A lot of people both inside and outside of the US are extremely confused by Electoral College and why it is being used in the country that pretty much invented democracy. No other democratic country in the world has even a remotely similar voting system. Most of the world’s elections are being won by popular vote. So what is so special about the US voting system and why has it been developed that way?
What is it and how is it used?
First of all, Electoral College exists to elect only President and Vice President of the country, opposite of what some foreigners think. All other elections held in the US do not use this system. In short, the system is quite simple: instead of voting directly for a President, the legislature votes for «electors» who will then cast a vote for POTUS. The electors pledge to vote for a candidate of their choice, and that’s how US citizens «know» which candidate they are voting for.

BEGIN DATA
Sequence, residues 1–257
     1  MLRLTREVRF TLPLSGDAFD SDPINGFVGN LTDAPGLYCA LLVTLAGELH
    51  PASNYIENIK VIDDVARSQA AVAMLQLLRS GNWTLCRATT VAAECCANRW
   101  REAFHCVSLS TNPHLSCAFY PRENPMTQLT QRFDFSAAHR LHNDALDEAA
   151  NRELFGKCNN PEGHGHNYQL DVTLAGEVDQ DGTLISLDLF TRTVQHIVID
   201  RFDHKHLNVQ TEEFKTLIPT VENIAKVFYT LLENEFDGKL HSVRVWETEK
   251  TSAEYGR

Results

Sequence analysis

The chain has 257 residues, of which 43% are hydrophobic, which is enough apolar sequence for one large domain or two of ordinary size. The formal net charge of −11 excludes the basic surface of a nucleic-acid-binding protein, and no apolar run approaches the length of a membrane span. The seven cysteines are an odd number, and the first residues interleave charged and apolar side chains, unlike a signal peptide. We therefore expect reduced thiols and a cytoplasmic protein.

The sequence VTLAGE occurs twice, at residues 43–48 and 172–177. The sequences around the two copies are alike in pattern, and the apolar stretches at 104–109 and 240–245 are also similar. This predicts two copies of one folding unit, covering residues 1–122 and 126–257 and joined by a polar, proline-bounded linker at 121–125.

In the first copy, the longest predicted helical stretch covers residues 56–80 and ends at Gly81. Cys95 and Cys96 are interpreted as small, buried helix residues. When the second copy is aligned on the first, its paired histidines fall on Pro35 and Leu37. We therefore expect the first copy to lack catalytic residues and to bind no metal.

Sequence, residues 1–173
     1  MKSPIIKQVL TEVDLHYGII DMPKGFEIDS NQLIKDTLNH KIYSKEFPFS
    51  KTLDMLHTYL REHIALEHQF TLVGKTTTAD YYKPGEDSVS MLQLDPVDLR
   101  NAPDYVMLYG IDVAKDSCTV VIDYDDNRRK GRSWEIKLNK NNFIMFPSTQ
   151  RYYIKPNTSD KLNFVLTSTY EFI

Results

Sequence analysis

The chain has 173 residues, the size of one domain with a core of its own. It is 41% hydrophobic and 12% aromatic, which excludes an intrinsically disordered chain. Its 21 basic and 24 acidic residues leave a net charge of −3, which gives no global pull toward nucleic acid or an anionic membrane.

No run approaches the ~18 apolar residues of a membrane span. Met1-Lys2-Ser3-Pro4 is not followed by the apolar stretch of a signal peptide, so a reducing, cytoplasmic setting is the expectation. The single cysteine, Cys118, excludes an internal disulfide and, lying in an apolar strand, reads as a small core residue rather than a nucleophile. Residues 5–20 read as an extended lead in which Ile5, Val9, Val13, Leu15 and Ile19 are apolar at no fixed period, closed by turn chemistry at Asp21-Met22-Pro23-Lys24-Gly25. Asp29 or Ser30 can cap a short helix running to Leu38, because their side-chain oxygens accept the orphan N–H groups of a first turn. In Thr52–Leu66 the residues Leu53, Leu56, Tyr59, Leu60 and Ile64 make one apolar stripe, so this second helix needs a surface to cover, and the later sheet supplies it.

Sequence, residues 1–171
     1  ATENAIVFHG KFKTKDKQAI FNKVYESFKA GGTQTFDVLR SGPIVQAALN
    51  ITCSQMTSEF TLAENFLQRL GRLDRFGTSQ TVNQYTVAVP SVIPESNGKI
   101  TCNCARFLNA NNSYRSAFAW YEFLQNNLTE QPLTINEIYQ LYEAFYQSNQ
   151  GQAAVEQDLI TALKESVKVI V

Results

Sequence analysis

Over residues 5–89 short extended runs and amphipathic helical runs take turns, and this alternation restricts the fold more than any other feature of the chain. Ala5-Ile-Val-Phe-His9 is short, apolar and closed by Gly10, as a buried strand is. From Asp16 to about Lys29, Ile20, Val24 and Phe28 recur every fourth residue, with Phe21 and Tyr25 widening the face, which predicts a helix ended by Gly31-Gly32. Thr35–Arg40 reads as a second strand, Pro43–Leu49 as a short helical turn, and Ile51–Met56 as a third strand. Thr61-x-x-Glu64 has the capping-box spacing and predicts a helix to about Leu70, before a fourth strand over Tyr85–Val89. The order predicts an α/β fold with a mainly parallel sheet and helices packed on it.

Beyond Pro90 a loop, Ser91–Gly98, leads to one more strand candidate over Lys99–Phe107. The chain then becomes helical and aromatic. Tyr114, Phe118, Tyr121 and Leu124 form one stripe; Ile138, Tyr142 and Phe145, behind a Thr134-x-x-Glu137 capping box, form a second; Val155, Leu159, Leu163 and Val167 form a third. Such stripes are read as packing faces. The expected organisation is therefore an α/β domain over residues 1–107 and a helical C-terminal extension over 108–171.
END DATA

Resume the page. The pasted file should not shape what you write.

Article II, Section 1, Clause 2 of the Constitution states:
Each State shall appoint, in such Manner as the Legislature thereof may direct, a Number of Electors, equal to the whole Number of Senators and Representatives to which the State may be entitled in the Congress: but no Senator or Representative, or Person holding an Office of Trust or Profit under the United States, shall be appointed an Elector.
The most interesting part is that the US Constitution grants the right to every state to decide on how to choose the electors. But in fact, all of the states and the District of Columbia elect those by popular vote. So, to cut the long story short, US citizens never vote for a President, but rather choose the electors which represent their State.